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ERIC Number: ED468466
Record Type: Non-Journal
Publication Date: 2002-Mar
Pages: 81
Abstractor: N/A
Reference Count: N/A
Working and Learning in the Information Age: A Profile of Canadians. CPRN Discussion Paper.
Livingstone, D. W.
Canadians' employment and working patterns were examined by analyzing the 1998 survey called New Approaches to Lifelong Learning and other recent surveys by Statistics Canada. "Work" was defined as comprising household labor, community volunteer activities, and paid employment, and "learning" was defined as comprising informal learning activities, initial formal schooling, and adult education courses and programs. The data indicated that Canadian adults generally spent as much time in unpaid household and community work as in paid employment. Canadians were extensively involved in learning throughout their lives. According to their self-reports, Canadian adults devoted an average of 15 hours each week to informal learning activities related to their paid employment, household duties, volunteer community work, and other general interests. Those in the labor force averaged 6 hours each week in job-related informal learning pursuits. A generally positive association between the amount of time people spend in paid employment, household labor, and community work and the time spent in work-related informal learning was found. Employment-related informal learning was more extensive than course-based training across nearly all employment statuses and occupational groups. At least 20% of the employed labor force saw itself as having skill levels exceeding those required by their jobs. (Contains 27 tables and 152 references.) (MN)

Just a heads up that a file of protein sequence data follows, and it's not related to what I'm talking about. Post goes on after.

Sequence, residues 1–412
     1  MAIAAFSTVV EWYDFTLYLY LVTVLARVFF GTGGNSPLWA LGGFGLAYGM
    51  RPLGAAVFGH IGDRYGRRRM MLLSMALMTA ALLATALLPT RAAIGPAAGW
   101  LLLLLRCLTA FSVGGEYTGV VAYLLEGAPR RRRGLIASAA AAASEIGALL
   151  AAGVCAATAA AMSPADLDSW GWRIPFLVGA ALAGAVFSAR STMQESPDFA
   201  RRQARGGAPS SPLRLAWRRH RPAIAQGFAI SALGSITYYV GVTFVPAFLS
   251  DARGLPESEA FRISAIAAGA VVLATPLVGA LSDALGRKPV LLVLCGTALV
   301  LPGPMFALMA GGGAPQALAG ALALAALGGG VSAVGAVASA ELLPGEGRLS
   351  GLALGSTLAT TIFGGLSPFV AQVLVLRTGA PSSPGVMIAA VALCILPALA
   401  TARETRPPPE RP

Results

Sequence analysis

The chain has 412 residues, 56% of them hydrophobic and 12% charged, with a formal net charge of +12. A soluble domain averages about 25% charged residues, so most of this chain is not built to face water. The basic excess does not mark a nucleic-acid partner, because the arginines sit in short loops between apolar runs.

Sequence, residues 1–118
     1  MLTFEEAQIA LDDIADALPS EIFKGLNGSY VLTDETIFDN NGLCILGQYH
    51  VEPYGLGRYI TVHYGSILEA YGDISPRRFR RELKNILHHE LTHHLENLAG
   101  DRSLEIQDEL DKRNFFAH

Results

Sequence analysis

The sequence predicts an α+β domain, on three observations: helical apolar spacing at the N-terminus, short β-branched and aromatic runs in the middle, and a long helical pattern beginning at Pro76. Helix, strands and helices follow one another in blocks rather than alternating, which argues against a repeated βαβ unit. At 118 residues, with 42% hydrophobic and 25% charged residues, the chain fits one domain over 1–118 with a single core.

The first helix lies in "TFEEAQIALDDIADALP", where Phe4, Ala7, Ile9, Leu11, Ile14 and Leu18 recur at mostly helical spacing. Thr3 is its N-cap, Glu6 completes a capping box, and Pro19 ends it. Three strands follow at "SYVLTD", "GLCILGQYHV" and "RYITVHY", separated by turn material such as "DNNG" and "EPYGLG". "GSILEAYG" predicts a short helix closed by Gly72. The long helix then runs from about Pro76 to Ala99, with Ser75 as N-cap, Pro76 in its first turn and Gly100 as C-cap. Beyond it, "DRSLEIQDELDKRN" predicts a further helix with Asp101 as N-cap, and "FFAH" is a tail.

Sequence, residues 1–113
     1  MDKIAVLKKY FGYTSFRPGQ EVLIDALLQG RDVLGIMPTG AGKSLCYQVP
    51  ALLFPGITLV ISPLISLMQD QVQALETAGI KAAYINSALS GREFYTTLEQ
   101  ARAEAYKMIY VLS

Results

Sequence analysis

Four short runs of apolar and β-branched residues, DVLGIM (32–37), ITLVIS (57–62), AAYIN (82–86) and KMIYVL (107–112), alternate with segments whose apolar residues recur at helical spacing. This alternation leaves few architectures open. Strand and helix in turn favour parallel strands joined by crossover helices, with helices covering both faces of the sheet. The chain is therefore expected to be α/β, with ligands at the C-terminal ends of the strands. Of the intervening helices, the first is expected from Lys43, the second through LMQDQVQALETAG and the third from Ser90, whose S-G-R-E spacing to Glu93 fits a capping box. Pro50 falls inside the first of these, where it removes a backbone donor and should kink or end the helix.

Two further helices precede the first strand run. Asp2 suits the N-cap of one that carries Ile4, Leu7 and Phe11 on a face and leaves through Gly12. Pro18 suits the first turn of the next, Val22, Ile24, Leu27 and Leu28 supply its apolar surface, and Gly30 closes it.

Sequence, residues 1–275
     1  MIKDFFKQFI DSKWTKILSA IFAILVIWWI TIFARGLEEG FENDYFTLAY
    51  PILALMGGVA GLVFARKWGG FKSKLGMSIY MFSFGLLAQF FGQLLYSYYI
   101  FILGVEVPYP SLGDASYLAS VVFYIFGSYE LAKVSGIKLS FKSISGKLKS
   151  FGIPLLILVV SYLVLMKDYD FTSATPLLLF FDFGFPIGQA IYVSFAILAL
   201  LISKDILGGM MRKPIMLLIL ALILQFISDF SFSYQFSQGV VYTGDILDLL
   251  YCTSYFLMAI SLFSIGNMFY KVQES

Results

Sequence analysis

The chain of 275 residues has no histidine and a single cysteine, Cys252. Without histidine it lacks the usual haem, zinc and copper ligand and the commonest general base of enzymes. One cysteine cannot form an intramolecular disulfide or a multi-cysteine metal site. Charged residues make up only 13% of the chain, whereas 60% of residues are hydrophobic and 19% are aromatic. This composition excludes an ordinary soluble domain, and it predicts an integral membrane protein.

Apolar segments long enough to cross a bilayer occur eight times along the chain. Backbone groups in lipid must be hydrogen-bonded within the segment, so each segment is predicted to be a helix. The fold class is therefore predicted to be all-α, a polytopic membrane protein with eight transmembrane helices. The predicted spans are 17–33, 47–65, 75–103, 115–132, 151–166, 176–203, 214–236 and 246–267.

For full text:
Publication Type: Reports - Research
Education Level: N/A
Audience: N/A
Language: English
Sponsor: N/A
Authoring Institution: Canadian Policy Research Networks Inc., Ottawa (Ontario).
Identifiers - Location: Canada